We both like structure and we both lean toward strong adherence to a schedule, which is already half of the battle when it comes to understanding cats (and humans). In doing so, she has adjusted to my schedule and vice versa.
When Ivy meows about something, the timing and the location from where she meows is all the context I need to know whether it’s related to food, water, treats, litter box, sleep, play, attention or whether she is just making small talk.
While I make a point of regularly ensuring everything is neat, tidy, on time and according to her preferred specifications for all of checklist items above, there are times I may get caught up in the trappings of responsible adulthood and that I might miss one little detail… How foolish and selfish of me.
The rare time she might get up on the dining room table is her form of “escalation” to say that I didn’t respond properly and an identified issue remains outstanding. I don’t get mad at her when she does that. I just slowly walk over and softly ask “Should you be up there?” to which she immediately jumps off and provides another sign of what she wants.
It’s a pretty good system and seems to work… Most of the time.
Then there are those out-of-the-blue days when I have to ask “who are you and what have you done with my cat?”
Those are the times she heads to the food bowl and her favourite is suddenly not her favourite anymore.
Those are the times when her own adherence to schedule is completely out the window.
Those are the times when everything on the checklist has been meticulously tended to, but she stomps around on the dining room table for no rhyme or reason.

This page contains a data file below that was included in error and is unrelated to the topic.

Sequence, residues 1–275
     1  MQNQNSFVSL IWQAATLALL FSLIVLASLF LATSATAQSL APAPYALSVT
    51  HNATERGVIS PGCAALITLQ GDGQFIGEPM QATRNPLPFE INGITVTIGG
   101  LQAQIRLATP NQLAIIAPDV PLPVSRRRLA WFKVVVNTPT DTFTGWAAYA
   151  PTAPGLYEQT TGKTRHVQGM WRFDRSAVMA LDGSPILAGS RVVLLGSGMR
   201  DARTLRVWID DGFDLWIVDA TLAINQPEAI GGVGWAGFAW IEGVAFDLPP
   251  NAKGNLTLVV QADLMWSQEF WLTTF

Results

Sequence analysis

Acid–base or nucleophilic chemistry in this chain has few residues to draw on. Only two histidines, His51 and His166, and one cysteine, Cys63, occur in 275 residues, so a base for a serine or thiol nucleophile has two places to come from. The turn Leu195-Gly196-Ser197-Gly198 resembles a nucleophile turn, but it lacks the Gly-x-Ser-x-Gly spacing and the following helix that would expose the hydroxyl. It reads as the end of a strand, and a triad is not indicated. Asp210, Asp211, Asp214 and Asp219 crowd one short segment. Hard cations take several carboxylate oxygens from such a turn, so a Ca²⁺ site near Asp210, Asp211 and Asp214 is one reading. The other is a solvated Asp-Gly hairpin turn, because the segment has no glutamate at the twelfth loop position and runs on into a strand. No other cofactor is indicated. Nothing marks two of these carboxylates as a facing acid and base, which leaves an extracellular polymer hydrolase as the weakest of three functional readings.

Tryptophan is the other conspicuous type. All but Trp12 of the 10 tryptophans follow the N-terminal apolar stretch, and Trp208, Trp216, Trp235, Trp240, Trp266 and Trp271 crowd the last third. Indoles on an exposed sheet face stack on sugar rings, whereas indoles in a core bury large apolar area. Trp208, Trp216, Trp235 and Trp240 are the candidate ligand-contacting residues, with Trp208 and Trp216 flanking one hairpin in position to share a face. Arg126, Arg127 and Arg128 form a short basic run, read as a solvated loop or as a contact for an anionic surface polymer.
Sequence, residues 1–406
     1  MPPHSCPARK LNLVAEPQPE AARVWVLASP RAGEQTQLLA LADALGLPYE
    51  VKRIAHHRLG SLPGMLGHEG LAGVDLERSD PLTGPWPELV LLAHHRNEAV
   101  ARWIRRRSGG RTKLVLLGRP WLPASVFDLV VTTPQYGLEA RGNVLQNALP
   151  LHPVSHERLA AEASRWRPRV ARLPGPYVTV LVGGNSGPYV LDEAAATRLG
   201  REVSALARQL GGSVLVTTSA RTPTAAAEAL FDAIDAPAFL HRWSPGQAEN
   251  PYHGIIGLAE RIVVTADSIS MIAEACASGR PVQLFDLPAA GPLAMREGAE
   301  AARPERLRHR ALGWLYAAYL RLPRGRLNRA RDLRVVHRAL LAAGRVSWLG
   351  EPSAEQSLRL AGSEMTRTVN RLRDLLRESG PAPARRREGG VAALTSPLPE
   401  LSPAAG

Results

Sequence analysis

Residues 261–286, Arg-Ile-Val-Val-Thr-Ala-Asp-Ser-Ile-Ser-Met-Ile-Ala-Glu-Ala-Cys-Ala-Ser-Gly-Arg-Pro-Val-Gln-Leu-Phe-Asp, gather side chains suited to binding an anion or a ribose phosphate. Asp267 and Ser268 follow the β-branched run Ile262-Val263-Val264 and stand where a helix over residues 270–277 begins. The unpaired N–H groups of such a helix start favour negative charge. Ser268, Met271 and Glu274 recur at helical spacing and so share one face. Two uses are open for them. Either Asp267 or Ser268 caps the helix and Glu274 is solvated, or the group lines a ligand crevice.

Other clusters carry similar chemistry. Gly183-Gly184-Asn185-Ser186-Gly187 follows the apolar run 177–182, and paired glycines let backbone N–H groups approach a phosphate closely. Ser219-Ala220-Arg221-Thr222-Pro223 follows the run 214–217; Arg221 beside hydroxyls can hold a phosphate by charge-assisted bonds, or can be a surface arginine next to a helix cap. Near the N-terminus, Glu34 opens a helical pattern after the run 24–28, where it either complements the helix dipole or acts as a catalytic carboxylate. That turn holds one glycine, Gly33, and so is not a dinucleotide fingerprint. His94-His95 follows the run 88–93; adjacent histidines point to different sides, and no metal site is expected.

Those are the times when she relentlessly hangs out by the doors of rooms that are off limits and tries to rush the door like a Boxing Day shopper racing for an $88 55-inch flat screen TV.
Those are the times when I might be working from home and she insists on joining me on the coast-to-coast conference call to announce that she is awake from her nap (ahead of schedule) and hungry.
It is in those times, when it feels like she has had a personality transplant, that I remind myself that this is not the usual feline example of calm and serenity that I see 99% of the time.
And it is also the reality check that as much as I might think of her as my daughter, because we are similar in a number of ways, we do not actually share a gene pool. This is a cat.
It should come as no surprise if it feels like she has restored to her factory default settings from time to time. It keeps us on our toes!
While I am certainly no feline psychologist, I don’t think it is overly permissive on my part to just let her go through such a phase, especially if they are so rare, and by that I mean once every 3 or 4 months.
The best part is that these phases are temporary and usually pretty short.
If it was happening more frequently or for a longer duration, I would be concerned and looking for other symptoms. I might even resort to contacting her vet to discuss any out-of-character behaviour, just to be on the safe side. I wouldn’t want an outburst to be ignored if it was a sign of a more serious condition and that this was her own feline vocabulary to get my attention.
But when everything is fine and it is just the cat having a moment of extreme randomness, I just have to dig a little deeper for patience, and I try to have fun with her “Tasmanian Devil” routine.
The interesting part is that as much as these episodes seemingly appear out of the blue, the reverse is true as well. Usually, it just takes one nap for her to return to the Ivy that I recognize and to whom you could set a clock.
When you think about it, even as humans, don’t we have off-days when we don’t feel like ourselves and cannot explain it? Even our kids sometimes have their days when we don’t recognize them, with no rhyme or reason.
Why should we expect our pets to be any different?
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